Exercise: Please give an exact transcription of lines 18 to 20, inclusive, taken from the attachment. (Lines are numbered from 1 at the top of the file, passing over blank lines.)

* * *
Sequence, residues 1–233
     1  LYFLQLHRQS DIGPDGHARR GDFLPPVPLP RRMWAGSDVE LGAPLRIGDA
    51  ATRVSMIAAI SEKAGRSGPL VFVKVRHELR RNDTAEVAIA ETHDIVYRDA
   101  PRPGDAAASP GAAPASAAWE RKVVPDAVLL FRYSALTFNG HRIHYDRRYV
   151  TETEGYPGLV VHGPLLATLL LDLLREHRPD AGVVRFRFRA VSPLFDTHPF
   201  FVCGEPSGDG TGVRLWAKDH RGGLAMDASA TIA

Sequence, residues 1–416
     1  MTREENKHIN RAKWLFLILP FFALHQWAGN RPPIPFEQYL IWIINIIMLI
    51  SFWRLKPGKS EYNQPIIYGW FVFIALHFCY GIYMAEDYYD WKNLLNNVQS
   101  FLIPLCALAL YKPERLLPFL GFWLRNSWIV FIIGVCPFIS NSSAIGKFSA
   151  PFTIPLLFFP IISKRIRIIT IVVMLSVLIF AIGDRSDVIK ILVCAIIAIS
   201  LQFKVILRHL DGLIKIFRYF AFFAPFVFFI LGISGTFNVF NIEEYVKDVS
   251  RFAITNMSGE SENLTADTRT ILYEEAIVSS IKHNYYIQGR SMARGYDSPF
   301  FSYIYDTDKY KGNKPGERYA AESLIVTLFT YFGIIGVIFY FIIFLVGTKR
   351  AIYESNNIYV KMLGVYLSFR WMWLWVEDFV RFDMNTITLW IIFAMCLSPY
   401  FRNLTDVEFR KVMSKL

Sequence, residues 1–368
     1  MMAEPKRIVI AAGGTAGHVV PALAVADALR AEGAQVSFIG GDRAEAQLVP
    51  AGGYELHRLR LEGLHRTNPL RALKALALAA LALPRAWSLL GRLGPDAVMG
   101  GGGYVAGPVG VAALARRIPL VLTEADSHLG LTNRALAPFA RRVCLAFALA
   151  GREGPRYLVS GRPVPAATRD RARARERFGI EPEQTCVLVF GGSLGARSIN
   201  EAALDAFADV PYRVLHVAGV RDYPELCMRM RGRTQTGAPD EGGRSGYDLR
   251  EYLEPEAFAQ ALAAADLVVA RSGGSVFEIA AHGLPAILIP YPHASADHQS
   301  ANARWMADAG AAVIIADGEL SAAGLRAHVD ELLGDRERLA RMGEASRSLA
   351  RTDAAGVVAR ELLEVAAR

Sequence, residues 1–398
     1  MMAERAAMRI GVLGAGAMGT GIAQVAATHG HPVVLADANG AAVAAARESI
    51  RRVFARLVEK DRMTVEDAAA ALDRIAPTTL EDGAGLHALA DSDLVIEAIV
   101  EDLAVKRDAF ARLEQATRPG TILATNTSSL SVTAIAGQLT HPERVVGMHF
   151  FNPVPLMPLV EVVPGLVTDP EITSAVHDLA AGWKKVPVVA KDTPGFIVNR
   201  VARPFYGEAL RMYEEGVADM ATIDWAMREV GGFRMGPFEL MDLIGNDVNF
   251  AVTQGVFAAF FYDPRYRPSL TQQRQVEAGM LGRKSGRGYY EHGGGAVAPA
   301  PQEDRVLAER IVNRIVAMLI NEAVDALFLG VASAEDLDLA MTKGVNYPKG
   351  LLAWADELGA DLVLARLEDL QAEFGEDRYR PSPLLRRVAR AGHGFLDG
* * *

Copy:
     1  MMAEPKRIVI AAGGTAGHVV PALAVADALR AEGAQVSFIG GDRAEAQLVP
    51  AGGYELHRLR LEGLHRTNPL RALKALALAA LALPRAWSLL GRLGPDAVMG
   101  GGGYVAGPVG VAALARRIPL VLTEADSHLG LTNRALAPFA RRVCLAFALA